Efficacy of Hepatitis B vaccine in those who lost Hepatitis B surface antigen during follow-up

AUTHORS

Hassan Taheri 1 , * , Mohammad Reza Hasanjani Roushan 2 , Mohammad JafarSoleimani Amiri 2 , Mohammad Pouralijan 2 , Ali Bijani 2

1 Infectious Diseases Research Center, Babol University of Medical Sciences, [email protected], IR Iran

2 Infectious Diseases Research Center, Babol University of Medical Sciences, IR Iran

How to Cite: Taheri H, Roushan M R, Amiri M, Pouralijan M, Bijani A. Efficacy of Hepatitis B vaccine in those who lost Hepatitis B surface antigen during follow-up, Hepat Mon. Online ahead of Print ; 11(2):119-122.

ARTICLE INFORMATION

Hepatitis Monthly: 11 (2); 119-122
Article Type: Research Article
Received: August 30, 2010
Accepted: December 25, 2010

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Abstract

Background: The level of HBsAg in some chronic hepatitis B virus (HBV)-infected individuals may decline over time so that it is not detectable in serum.
Objective: To assess the efficacy of HBV vaccine in those who lost their HBsAg without seroconverssion to anti-HBs antibody.
Patients and Methods: From April 1993 to December 2008, of 1603 chronic HBV-infected individuals, 34 (22 men and 12 women) became HBsAg-negative in follow-up visits, with no detectable anti-HBs antibody and HBV DNA in their sera. They received HBV vaccination at 0, 1 and 6 months (case group). Fifty-two subjects (30 men and 22 women) who were negative for HBsAg, anti-HBs and anti-HBc antibody, received HBV vaccination according to the said schedule (control group). Anti-HBs antibody was assessed one month after the last dose of vaccination in the both groups.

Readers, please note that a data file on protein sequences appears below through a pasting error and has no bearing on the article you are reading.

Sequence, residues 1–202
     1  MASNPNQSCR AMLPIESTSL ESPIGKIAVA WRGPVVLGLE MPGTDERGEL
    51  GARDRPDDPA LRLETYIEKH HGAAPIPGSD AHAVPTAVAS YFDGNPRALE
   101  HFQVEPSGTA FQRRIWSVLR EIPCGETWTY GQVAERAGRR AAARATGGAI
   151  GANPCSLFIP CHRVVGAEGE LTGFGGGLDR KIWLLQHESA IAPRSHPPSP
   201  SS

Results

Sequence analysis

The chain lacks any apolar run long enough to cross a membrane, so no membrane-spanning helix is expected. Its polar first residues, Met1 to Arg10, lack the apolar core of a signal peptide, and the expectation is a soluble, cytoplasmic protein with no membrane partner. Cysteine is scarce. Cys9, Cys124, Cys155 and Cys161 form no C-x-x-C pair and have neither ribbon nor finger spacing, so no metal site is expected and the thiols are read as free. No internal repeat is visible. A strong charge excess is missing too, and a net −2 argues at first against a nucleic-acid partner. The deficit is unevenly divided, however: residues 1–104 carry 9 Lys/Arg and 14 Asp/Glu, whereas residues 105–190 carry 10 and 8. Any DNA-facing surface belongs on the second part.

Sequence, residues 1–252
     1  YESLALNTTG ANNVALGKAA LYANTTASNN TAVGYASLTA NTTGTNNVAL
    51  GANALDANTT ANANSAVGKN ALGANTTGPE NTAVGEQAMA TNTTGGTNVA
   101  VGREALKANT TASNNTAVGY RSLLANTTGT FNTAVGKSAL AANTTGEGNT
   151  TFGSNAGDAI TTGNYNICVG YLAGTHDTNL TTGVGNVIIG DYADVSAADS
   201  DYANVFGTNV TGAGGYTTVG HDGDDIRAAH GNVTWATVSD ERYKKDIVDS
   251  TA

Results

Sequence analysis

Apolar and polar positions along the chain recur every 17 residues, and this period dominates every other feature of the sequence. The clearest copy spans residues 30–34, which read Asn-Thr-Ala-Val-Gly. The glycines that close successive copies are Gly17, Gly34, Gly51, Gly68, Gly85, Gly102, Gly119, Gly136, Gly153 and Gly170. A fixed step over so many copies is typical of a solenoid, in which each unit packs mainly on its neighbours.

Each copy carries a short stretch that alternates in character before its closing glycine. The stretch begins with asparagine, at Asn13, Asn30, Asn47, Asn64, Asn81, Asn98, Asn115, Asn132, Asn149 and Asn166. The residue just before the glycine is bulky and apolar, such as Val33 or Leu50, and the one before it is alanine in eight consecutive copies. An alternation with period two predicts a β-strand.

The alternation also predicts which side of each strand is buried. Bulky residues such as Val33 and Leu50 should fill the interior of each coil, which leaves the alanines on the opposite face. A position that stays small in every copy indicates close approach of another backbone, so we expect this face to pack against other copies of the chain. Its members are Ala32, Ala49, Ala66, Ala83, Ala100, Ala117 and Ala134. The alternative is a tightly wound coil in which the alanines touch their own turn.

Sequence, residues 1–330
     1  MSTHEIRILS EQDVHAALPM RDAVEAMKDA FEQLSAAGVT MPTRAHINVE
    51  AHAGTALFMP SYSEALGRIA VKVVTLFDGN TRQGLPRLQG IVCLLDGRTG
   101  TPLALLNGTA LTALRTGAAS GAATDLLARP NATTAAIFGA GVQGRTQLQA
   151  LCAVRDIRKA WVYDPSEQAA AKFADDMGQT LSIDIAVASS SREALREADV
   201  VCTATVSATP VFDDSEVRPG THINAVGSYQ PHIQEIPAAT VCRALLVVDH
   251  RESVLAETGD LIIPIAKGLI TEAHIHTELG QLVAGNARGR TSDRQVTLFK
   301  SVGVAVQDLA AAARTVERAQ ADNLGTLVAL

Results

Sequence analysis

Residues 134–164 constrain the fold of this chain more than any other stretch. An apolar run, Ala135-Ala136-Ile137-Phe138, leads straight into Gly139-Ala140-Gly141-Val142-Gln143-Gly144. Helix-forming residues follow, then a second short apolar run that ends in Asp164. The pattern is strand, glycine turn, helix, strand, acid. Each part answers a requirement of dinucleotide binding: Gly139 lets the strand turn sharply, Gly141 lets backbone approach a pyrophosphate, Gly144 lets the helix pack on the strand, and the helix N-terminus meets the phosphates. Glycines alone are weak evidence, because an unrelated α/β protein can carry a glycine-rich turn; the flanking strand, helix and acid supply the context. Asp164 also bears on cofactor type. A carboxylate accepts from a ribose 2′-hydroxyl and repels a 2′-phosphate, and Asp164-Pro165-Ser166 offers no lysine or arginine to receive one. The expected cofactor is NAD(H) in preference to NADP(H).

Results: The mean±SD age of the case and control groups was 38±12.7 and 33.4±8.6 years, respectively (p=0.07). The sex distribution between these two groups were similar (p=0.652). The mean±SD years of follow-up for the case group was 7.6±4.5 years. Anti-HBs antibody level ≥10 IU/L was found in 8 (24%) subjects in the case group and in 45 (87%) in the control group (p<0.001). The mean±SD anti-HBs antibody level in the case group was 68±32.66 and in the control group 344.6±38.9 IU/L (p<0.001).
Conclusions: We found that nearly 24% of chronic HBsAg-positive subjects who lost their HBsAg responded to HBV and the remaining cases need to be followed for occult HBV infection.

Keywords

Chronic hepatitis B Follow-up study HBsAg Hepatitis B virus Hepatitis B vaccine

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